Your editorial, taking issue with the Meese Commission on pornography, was factual in reflecting the feelings of those of us who disagree with the absurd findings and recommendations proffered by the panel. However, I feel that The Times is treating the matter a bit too lightly. By this I mean it is implied in the editorial that this report will go the way of other stodgy governmental studies; that it will be relegated to a dusty cubbyhole some place in a bureaucratic office and be forgotten.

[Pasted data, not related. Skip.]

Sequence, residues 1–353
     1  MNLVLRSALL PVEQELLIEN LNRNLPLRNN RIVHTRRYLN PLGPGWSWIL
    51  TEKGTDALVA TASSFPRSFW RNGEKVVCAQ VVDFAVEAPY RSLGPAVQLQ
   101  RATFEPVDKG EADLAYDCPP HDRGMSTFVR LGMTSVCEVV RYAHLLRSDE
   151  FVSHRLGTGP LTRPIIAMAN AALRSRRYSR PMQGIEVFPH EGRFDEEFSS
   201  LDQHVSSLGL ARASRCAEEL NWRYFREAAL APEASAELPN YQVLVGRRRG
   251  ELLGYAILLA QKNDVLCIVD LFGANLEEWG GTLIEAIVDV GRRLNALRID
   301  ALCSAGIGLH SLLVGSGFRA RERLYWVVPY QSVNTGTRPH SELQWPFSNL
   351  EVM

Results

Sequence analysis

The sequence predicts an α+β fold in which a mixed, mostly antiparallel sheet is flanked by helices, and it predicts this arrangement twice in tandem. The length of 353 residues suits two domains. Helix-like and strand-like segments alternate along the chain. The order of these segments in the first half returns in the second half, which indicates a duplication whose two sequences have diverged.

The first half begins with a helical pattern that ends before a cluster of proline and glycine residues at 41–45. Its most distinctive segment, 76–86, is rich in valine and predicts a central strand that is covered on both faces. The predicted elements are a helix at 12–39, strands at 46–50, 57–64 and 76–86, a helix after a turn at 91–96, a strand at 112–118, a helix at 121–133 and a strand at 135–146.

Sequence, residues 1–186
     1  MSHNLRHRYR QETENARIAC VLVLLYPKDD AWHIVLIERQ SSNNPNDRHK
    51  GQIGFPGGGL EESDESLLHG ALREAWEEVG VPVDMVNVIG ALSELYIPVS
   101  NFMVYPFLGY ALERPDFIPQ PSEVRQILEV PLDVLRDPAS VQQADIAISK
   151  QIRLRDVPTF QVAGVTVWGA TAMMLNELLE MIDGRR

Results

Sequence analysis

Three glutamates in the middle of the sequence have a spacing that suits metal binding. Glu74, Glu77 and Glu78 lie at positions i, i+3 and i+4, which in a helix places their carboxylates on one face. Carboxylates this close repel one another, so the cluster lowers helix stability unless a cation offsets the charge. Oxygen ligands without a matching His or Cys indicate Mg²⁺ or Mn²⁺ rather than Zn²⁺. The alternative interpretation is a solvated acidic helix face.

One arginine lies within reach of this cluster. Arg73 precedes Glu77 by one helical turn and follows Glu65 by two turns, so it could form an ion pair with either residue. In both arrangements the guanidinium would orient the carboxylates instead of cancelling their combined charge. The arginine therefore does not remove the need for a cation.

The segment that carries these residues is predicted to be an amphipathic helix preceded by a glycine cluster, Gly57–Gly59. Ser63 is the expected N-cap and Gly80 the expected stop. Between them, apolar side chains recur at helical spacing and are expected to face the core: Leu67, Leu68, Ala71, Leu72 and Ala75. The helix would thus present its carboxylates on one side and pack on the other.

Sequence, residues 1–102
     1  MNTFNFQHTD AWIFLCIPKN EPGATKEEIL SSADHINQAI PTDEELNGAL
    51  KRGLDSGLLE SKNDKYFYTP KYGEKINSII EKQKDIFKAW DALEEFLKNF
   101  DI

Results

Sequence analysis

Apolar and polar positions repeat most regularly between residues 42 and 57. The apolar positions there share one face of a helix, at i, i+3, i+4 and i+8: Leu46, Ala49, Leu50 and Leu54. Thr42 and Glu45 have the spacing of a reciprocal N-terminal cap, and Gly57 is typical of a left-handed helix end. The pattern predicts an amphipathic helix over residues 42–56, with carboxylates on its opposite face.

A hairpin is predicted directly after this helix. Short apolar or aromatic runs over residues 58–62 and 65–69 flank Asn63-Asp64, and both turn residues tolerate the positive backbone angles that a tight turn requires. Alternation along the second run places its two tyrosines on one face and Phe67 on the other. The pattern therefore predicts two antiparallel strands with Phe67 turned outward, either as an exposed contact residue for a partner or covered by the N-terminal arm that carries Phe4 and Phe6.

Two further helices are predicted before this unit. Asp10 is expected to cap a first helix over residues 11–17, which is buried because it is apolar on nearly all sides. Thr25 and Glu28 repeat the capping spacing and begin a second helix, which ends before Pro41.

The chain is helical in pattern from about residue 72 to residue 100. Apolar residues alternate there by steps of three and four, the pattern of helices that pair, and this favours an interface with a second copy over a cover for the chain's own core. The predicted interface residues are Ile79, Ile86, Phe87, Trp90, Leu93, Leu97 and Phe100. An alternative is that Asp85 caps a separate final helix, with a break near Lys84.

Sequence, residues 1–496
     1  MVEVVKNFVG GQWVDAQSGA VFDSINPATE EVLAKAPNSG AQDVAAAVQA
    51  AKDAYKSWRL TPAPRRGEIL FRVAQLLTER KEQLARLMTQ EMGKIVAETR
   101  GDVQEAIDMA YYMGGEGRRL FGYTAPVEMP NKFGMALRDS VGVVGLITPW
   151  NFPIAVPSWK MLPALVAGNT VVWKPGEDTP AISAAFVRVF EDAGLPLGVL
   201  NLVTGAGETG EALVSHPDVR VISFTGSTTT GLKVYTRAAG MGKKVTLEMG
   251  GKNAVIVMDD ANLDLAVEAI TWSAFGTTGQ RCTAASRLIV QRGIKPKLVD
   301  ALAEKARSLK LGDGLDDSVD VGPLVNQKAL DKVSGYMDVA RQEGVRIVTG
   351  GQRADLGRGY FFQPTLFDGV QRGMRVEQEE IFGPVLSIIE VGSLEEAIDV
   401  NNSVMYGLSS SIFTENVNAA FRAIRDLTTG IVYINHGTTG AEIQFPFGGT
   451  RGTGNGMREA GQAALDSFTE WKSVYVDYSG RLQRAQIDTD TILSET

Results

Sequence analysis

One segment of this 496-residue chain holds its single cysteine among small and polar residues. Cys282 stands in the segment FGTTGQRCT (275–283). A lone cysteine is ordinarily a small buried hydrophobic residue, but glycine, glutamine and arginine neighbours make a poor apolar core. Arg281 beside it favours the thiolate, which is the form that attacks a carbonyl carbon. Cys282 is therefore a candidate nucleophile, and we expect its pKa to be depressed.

There is a movement afoot in this country to abrogate, or at least cripple, the Bill of Rights. It has gained great momentum since the advent of the first Reagan Administration, and it grows alarmingly more powerful each day. Using censorship as a springboard and fueled by the combustive rhetoric of those within the Administration (Edwin Meese, Pat Buchanan, etc.) and those on the outside (Jerry Falwell, Phyllis Schlafly, Jesse Helms) the goal is to impose roadblocks to free expression. These are not evil people, but they are surely people who have twisted ideas on the true meaning of the Constitution.